The battle over the EU’s far-reaching ePrivacy Regulation enters its final and crucial stage
The EU’s GDPR has had a massive effect on privacy worldwide. But as a post explained back in 2018, there’s more EU privacy legislation coming through which could have a similarly broad impact globally. Where the GDPR governs how personal data is stored, the ePrivacy Regulation is about how personal data is transmitted. The European Commission published its draft ePrivacy Regulation back in 2017, and the European Parliament produced its amended version a few months later. The third member of the EU’s legislative system, the Council of the EU, has been bickering over its own text for the last four years. Politico has produced an excellent history of the twists and turns, as different nations have taken the EU Presidency, and tried to come up with a version that was acceptable to all – and failing. This was due in no small part to the unprecedented lobbying that has been unleashed, a reflection of how far-reaching the legislation will be. The Council of the EU has at last agreed on its version of the text, which means that negotiations can now begin to produced a final compromise version.
The press release of the Council of the EU has a good summary of its main features. Importantly, the ePrivacy Regulation will cover not just electronic communications content, but also communications metadata. Also welcome is that the rules will apply to machine-to-machine data, for example generated by Internet of Things devices. Unfortunately, one of worst proposals in the new text concerns metadata. As is well recognized now, metadata is arguably richer and more revealing than even content, and therefore requires strict safeguards in order to preserve privacy. The Council of the EU wants to create a huge loophole that would allow companies to process metadata for a purpose other than that for which it was collected, even when this is not based on the user’s consent. This would be subject to a variety of vague “safeguards”, including the use of pseudonymization, which offers very little protection for privacy.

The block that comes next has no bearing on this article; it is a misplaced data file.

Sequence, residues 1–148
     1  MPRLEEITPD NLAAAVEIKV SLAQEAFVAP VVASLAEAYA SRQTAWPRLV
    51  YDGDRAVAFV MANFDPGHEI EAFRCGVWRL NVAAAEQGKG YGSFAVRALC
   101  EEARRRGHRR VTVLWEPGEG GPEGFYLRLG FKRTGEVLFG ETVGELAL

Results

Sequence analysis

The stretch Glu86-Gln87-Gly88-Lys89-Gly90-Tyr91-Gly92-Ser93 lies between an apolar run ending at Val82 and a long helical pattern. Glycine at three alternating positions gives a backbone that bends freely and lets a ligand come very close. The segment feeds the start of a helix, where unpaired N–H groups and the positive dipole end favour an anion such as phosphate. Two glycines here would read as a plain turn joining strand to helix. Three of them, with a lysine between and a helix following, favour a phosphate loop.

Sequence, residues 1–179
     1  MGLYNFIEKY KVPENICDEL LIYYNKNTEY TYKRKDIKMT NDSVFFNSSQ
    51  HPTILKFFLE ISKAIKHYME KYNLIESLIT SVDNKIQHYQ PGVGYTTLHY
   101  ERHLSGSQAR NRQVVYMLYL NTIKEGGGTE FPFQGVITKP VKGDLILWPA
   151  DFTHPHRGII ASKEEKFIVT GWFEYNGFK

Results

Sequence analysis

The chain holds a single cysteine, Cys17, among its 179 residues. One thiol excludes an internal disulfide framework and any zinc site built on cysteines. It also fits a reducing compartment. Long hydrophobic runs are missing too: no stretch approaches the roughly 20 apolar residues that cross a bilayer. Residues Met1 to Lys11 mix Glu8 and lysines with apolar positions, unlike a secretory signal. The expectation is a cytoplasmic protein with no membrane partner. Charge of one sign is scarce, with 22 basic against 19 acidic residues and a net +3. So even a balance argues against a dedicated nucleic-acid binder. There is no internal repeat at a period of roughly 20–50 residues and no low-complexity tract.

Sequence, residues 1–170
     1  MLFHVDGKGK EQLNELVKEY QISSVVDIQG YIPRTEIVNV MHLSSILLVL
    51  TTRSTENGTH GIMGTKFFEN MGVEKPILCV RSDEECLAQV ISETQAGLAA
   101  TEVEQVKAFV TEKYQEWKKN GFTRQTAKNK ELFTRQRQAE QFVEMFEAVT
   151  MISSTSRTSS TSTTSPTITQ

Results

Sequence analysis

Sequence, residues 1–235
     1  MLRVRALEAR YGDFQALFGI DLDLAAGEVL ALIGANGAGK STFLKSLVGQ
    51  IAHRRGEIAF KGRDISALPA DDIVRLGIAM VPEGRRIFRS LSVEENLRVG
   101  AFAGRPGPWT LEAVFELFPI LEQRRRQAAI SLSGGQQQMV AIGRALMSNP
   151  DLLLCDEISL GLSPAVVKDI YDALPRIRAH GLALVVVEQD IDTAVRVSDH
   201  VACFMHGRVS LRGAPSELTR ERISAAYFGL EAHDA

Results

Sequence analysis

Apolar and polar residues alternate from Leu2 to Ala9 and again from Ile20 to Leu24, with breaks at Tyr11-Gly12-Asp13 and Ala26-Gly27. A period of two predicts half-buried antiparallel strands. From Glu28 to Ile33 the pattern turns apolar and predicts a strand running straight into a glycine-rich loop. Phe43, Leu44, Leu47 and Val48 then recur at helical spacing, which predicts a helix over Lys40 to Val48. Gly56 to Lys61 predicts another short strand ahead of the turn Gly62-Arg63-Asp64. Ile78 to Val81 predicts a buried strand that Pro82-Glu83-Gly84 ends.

The other area where the Council of EU text is deeply problematic is cookies. Some of the most vocal early opponents to strong privacy protections in the ePrivacy Regulation were publishers, who wanted their “right” to use tracking cookies enshrined in the law, as Privacy News Online reported in 2019. A key issue for the ePrivacy Regulation is whether cookie walls – initial screens requiring visitors to accept tracking cookies before they can access a Web site – would be allowed. The Council of the EU text includes a compromise position that is dangerously vague – and thus likely to be abused. The following passage is certain to be one of the most contested parts of the new law during the final negotiations:
It’s not clear from this what “an equivalent offer by the same provider” means here. If it means complete access to the site, or nearly, then it might be acceptable. If it refers to a substantially cut-down version, then it would not. We should find out soon enough, when the “trilogues” – the three-way negotiations between the Council of the EU, the European Commission, and the European Parliament – begin. Back in 2017, the European Parliament stated that a ban on cookie walls, was “among Parliament’s priorities.” If the European Parliament follows through on that, the above text would need to be dropped completely. The Council of the EU is unlikely to accept that without a fight, though.
There is a solution to this tension between the advertisers’ desire to match ads to visitors’ interests, and privacy. A move to contextual advertising would make the most intrusive kind of tracking cookies unnecessary. Instead, cookies could be kept for low-level analytical uses, keeping tabs on overall traffic, not individual clicks. The good news is that there are signs that this viewpoint is being considered by many of the most important online players. This makes supporting it in the ePrivacy Regulation by banning cookie walls a crucial step for the future strengthening of privacy. As a Regulation, not a Directive, the new law would apply directly across the whole of the EU, and would not require local legislation that might water down key aspects.
Feature image by Image by Wolfgang Lützgendorf